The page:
With that being said, I was not shy finding the fantastic five that thrilled me in the Olympia Hammersmith center hall.
Here they are:
Engaging Spaces: Their booth was making the most noise with interactive touchable wooden walls, which emphasize interaction with sound and lights. No booth was inspiring more people taking pictures than this one. I took the liberty to record this short clip
Engaging Spaces was surrounded by lots of fancy digital signage vendors to display products in-store. Some demos did not work, or did not come with comprehensive product details and are still not personalized.
Panel: Optimizing the supply chain and omnichannel experience are twins. Moderated by Spencer Izard and completed by Craig Sears-Black from Manhattan Associates and Tom Enright from Gartner, showed that the lines between retailers and CPG companies are blurring. Retailers become eTailers and brands act like retailers.
We learned that consumers don’t care where they buy from, but they always expect trust! The experts see co-existence, overlap and changes for partnering between vendors and retailers. Analysts said that retail organizations are still siloed on the internal structure, which prevents omnichannel execution. We expect that a balance of power will take place between brands and retailers.
Orderella: Let the phone do the queuing. This app is perfect for people like me who hate waiting in line for lunch.. The app connects with PayPal, soI was able to order my snack and drink from my phone, and to my table. It was delivered in 1 minute, and I was able to monitor the process within the app. In addition, they also delivered to each both with localizing your phone and offered a 6 bucks voucher for each new deal. Great combination of location, real-time, product and customer data.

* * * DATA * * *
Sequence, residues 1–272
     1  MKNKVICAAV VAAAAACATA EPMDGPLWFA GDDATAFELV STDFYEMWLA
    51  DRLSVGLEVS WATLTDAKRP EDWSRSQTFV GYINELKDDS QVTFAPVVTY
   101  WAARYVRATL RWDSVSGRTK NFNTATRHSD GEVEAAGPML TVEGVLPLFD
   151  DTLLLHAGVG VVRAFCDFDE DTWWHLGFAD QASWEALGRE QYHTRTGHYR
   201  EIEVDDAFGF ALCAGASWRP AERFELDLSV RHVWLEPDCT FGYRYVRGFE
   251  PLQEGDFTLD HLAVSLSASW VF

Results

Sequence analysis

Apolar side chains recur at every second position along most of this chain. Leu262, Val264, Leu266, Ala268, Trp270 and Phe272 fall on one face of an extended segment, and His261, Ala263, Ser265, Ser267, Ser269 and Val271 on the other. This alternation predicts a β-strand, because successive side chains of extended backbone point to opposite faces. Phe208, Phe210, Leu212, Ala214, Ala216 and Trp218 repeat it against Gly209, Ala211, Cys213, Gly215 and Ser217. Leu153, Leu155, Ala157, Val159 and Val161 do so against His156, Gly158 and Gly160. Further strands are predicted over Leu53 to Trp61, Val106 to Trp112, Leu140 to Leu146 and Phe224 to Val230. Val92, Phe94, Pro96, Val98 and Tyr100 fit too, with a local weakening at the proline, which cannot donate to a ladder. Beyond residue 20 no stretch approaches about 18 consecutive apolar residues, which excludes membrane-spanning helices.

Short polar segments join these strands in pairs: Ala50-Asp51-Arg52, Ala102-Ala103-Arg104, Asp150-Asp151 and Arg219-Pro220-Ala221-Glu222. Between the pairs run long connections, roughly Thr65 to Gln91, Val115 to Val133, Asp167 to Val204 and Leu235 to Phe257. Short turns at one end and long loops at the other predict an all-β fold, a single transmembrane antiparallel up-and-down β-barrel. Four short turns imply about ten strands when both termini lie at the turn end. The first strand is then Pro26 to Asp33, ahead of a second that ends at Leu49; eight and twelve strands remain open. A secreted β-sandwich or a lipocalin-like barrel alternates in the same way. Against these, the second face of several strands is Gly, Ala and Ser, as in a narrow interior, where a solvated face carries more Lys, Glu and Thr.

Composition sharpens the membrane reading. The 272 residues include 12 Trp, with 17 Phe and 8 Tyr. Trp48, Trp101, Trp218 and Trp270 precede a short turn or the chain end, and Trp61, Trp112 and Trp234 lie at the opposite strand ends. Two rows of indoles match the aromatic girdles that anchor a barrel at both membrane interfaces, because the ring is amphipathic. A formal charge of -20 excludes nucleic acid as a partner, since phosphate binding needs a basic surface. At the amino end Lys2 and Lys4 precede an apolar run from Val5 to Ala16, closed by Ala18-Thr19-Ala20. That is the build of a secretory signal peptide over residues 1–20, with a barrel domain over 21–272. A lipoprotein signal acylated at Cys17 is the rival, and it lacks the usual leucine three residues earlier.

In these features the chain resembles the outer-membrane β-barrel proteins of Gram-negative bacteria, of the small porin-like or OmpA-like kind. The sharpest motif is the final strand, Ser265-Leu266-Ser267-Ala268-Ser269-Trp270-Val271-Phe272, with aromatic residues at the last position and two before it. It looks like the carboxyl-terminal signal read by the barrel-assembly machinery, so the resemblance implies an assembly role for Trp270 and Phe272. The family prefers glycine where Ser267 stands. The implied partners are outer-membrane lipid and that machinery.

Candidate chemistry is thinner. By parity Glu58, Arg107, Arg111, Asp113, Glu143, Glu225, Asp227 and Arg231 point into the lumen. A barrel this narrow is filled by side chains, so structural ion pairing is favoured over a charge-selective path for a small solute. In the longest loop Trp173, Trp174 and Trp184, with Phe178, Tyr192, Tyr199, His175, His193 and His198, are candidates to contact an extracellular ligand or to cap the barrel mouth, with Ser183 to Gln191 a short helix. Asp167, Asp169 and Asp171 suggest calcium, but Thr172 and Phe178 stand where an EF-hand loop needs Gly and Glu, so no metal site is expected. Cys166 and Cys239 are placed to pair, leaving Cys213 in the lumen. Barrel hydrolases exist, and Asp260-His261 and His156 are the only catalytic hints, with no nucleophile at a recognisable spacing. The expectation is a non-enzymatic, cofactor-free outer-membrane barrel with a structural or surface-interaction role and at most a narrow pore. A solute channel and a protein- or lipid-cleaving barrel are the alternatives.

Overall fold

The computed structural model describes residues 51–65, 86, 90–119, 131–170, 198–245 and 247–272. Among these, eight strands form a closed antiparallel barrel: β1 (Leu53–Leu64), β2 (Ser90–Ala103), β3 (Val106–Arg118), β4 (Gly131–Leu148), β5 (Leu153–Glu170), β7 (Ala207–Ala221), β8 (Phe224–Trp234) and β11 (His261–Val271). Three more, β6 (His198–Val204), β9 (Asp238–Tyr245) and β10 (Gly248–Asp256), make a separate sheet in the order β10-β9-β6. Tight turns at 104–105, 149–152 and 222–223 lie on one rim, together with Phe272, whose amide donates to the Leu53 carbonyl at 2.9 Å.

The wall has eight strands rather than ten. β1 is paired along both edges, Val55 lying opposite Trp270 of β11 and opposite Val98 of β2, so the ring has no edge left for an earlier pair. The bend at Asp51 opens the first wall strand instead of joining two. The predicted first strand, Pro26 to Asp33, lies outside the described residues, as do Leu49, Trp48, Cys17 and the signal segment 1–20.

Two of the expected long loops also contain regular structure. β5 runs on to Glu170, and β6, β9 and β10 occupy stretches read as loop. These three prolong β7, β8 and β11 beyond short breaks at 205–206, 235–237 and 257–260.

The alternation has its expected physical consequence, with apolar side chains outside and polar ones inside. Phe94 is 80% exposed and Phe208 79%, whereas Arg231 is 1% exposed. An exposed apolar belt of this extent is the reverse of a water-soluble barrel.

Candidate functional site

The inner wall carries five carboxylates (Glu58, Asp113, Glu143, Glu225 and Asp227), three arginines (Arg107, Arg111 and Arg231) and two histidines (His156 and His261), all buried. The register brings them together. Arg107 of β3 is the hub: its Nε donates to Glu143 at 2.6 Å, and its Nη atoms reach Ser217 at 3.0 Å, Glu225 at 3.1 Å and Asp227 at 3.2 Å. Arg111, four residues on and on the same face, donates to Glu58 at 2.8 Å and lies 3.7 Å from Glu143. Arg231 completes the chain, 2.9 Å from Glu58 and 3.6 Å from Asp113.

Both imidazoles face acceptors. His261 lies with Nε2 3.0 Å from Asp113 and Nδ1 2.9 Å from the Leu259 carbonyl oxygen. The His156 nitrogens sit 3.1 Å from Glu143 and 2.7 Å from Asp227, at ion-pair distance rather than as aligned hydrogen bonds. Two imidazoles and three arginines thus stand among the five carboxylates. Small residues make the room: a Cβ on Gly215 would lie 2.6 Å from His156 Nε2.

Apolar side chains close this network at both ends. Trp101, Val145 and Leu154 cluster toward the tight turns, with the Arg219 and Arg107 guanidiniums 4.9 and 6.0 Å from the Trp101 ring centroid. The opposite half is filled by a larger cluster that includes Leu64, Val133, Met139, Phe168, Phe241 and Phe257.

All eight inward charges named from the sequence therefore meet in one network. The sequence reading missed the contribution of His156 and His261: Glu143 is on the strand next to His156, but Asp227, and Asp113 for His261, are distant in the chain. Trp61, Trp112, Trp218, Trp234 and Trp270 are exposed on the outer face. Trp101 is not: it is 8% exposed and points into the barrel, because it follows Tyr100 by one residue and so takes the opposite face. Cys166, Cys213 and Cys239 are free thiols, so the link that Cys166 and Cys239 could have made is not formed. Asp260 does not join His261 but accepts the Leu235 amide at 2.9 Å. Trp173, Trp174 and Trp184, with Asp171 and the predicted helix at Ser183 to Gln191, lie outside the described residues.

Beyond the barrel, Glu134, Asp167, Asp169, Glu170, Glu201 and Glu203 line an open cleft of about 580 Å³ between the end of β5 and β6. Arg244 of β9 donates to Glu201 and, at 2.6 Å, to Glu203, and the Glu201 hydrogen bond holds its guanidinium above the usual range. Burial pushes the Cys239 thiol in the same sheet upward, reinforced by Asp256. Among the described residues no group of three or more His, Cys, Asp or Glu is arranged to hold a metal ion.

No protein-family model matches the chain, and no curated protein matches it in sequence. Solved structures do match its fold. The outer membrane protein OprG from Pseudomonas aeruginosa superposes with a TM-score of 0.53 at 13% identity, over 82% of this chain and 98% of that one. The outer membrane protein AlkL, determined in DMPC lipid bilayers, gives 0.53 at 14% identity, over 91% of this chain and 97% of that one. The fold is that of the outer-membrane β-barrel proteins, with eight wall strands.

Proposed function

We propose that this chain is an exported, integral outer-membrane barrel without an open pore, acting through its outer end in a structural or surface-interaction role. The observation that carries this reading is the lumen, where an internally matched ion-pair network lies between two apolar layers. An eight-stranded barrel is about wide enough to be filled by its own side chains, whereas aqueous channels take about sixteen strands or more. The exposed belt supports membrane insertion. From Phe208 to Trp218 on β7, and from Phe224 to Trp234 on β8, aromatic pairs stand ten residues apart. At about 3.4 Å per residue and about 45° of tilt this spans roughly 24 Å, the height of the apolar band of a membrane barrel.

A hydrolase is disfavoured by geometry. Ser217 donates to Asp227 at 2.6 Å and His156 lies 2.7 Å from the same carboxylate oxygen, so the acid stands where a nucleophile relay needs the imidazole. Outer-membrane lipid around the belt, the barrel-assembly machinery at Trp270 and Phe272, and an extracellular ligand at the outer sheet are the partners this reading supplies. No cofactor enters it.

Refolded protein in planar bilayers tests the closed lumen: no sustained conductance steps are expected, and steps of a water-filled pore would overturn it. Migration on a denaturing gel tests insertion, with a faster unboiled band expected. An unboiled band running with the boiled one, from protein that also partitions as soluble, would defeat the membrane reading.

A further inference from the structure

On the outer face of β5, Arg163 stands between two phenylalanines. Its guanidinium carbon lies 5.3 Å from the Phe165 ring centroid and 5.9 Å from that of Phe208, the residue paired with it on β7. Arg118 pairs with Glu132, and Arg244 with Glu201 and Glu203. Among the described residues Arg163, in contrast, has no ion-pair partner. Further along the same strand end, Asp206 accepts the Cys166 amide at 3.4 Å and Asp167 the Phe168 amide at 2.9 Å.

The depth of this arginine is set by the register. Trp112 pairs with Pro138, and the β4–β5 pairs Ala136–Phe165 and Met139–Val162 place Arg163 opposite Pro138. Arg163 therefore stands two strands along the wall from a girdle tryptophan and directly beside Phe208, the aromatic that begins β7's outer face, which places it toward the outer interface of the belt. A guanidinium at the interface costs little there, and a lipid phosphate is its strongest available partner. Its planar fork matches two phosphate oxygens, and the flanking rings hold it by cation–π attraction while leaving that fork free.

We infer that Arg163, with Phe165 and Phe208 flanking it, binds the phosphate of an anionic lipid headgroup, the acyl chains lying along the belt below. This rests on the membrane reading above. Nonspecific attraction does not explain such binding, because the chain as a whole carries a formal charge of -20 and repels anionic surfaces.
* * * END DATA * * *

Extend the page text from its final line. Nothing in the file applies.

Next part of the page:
Red Ant: The seamless in-store experience. The app sits on top of ecommerce tools like Demandware, hybris, Intershop, Magento, Oxid, Oracle ATG or IBM WebSphere Commerce, which are used by many of our customers tosupport barcode scanning and flexibility in the checkout process. It also supports the in-store assistant to complete the transaction. Red Ant is very easy to use for our eCommerce clients, who already fuel their commerce with perfect product information.
Iconeme: Again for digital in-store experience. The app uses iBeacon to help users see where the product is in the store, share it, view looks (product bundles), a virtual dressing room, and of course, check out payment. Definitely something to take a look at.